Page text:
Recognising potential knowledge gaps early can help to support the long-term success of a business while improving a company’s retention rates and employee happiness. But why is conducting a skills audit now more important than ever?
Skills gaps have been present for many years, but the problem has continued to worsen after the pandemic. The workplace has been forced into adopting a more digitally focused approach to how things are done. According to a recent survey by McKinsey, responses to COVID-19 have sped up the adoption of digital technologies by several years – and many of these changes could be here for the long haul.
As the workplace evolves, workers have to refresh their skills to avoid falling behind.
This leaves companies with the question of “buy or build?” Should you recruit or retain employees? This is how a skills audit can help. A skills audit can identify current skills within the business as well as any skills gaps.
What is a skills audit?
A skills audit is the process by which employers gather information on their employees’ current skills, and look for shortfalls which can be considered on either an individual or collective basis. Benefits of regularly executing a skills audit include allowing businesses to further train and develop their employees’ current skills and further the development of their careers. A skills audit also presents the opportunity to identify potential knowledge gaps within a company that may be resolved via new hires.
So, how do you conduct a skills audit to ensure your company has the competency it needs?
1) Communicate with your team.
When done well, skills audits have proven to be very effective, however they cost time, money and resource. It’s important you communicate why you’re doing a skills audit and how it will benefit the business to your team. This will give you the opportunity to see if your scope is in-line with business targets, goals and trajectory. It’s also important to talk to your team and reassure them that any data taken is secure and confidential. Explain why a skills audit is important and how it can benefit each employee, and appoint someone that they can ask any questions to throughout the process.
2) Lay out all your strategic goals and skills required to meet these goals.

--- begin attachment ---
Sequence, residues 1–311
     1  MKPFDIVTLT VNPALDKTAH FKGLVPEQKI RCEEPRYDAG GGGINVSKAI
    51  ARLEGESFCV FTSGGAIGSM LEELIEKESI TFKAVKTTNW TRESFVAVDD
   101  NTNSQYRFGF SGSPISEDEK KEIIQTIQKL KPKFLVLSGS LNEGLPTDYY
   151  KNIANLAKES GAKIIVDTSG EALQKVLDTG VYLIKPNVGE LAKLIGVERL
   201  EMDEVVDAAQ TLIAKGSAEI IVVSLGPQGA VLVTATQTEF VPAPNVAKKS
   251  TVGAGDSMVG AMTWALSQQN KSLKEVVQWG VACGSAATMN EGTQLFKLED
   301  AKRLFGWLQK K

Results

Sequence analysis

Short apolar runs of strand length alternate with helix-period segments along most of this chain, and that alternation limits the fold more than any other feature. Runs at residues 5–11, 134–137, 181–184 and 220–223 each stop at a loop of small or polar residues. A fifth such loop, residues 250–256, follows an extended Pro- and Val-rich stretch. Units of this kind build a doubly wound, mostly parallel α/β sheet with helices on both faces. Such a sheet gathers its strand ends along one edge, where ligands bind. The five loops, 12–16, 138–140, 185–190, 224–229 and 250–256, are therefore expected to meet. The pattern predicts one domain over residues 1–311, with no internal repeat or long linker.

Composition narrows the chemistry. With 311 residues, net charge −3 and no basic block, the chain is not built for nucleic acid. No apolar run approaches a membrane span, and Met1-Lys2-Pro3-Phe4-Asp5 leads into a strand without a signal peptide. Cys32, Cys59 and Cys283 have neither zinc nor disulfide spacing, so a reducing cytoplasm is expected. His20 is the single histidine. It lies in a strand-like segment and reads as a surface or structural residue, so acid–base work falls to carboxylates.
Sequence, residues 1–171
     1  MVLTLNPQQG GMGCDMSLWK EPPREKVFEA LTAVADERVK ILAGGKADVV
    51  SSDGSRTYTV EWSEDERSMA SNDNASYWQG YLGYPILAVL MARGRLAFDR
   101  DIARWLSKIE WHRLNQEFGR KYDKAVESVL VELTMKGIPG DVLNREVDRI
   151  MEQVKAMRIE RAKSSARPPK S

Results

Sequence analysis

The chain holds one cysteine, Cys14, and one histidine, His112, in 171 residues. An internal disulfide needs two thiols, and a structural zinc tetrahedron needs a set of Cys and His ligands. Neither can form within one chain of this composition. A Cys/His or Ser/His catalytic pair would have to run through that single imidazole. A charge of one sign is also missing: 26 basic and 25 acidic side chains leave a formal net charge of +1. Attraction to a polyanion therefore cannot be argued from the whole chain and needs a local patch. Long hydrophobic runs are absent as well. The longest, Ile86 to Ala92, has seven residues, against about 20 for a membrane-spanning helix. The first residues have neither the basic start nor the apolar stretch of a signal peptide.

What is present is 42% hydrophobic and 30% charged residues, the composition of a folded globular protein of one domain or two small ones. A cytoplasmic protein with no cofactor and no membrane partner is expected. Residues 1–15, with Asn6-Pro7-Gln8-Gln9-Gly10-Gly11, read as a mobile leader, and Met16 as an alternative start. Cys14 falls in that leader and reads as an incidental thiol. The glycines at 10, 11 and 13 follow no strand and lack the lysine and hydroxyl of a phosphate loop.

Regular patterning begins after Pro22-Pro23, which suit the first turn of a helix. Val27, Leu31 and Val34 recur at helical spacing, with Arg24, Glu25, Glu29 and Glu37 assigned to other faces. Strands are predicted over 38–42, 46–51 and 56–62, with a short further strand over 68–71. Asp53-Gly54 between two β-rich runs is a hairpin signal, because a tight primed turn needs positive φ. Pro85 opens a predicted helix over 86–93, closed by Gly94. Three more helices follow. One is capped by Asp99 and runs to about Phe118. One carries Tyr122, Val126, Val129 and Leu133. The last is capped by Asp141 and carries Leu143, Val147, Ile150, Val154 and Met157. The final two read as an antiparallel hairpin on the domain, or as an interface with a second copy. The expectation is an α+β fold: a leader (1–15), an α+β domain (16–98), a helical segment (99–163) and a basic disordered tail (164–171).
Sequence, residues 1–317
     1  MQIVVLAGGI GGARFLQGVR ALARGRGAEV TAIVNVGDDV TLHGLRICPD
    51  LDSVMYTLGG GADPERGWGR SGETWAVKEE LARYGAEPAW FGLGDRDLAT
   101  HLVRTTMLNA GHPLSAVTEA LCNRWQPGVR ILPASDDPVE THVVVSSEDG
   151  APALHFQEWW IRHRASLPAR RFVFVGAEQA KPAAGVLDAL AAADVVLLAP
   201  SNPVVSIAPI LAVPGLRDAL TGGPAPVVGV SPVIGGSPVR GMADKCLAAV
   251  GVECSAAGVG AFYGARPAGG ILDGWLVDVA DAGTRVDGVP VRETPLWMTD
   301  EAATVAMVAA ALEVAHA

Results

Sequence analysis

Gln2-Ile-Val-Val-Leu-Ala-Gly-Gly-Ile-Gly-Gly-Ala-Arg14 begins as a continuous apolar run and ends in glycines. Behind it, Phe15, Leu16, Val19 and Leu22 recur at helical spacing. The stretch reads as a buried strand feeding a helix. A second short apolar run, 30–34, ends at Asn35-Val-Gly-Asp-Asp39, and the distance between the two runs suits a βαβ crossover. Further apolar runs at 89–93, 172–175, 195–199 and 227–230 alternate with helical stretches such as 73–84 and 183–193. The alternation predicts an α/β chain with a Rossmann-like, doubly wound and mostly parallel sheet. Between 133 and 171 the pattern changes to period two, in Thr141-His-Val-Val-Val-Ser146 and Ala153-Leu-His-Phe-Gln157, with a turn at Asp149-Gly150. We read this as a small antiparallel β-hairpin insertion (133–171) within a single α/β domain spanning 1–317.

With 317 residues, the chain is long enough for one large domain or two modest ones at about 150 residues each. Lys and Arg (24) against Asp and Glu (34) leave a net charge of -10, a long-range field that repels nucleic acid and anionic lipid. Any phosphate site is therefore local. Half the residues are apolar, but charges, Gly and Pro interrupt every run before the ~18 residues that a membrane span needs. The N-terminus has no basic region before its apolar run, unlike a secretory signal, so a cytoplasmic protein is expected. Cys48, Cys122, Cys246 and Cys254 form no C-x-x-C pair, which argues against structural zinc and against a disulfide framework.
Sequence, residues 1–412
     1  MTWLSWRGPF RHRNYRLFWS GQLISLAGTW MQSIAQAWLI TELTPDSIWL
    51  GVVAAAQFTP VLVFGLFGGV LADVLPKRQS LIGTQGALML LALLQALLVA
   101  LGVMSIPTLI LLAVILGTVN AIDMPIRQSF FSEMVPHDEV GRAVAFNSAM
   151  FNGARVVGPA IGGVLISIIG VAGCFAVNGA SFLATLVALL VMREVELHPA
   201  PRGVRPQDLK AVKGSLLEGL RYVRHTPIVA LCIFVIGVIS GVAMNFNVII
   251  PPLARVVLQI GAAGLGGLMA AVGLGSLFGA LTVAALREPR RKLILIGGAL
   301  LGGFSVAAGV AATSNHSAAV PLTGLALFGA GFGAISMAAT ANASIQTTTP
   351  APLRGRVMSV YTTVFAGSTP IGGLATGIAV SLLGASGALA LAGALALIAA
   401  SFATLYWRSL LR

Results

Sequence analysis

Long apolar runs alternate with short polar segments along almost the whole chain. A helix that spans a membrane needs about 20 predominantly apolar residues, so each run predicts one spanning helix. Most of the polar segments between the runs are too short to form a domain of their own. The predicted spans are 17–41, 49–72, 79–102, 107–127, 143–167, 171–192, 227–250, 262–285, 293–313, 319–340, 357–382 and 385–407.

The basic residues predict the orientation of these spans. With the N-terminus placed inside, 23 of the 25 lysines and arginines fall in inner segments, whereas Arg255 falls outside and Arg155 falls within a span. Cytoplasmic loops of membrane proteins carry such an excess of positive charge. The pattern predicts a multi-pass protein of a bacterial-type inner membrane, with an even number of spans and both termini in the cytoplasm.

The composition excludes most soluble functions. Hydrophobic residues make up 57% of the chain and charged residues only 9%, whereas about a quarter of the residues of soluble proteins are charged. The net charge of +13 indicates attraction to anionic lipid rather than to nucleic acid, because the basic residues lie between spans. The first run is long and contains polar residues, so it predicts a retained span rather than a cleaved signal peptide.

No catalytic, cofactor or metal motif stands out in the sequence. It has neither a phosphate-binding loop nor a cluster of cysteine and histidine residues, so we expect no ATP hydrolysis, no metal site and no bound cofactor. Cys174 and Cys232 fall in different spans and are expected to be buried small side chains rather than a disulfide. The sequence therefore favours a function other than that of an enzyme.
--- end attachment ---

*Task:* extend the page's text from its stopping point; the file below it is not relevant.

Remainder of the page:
You should start by recognising your short-term and long-term goals. Try mapping out job titles and related important skills in each role needed to meet those goals.
3) Evaluate current skills.
Evaluating current skills will kick-start your audit, allowing you to identify any gaps. You can do this by collecting and analysing workforce data. One way to do this is by asking employees to fill out surveys and looking at job descriptions and performance evaluations.
4) Create your scope.
Research which framework, innovations and processes will fit in with your company targets and goals. Which employee skills will you be assessing? Which skills, technical or soft, will your team need in order to support company growth? How will these skills need to adapt to changes along the way? Talking to employees about their role and what they currently perceive their responsibilities to be will allow you to integrate this into your framework, and complete a successful skills audit.
5) Put together a plan.
Once all the data has been collected, you’ll have a much clearer picture of what in-house training in-house needs to take place to help current employees gain new skills, and where you need to hire employees with certain skill sets. You may identify skills adjacencies – skills similar to the ones employers are seeking. If this is the case, you should put a plan in place to retrain the workers, using in-house training to up skill.
A skills audit will benefit both you and your employees. It allows you to focus on bridging your skills gaps, allowing you to make smarter decisions on whether to buy or build talent. Meanwhile your employees can develop, upskill and advance in their careers. Their progression will lead to retained talent and a more engaged, productive and motivated workforce for you.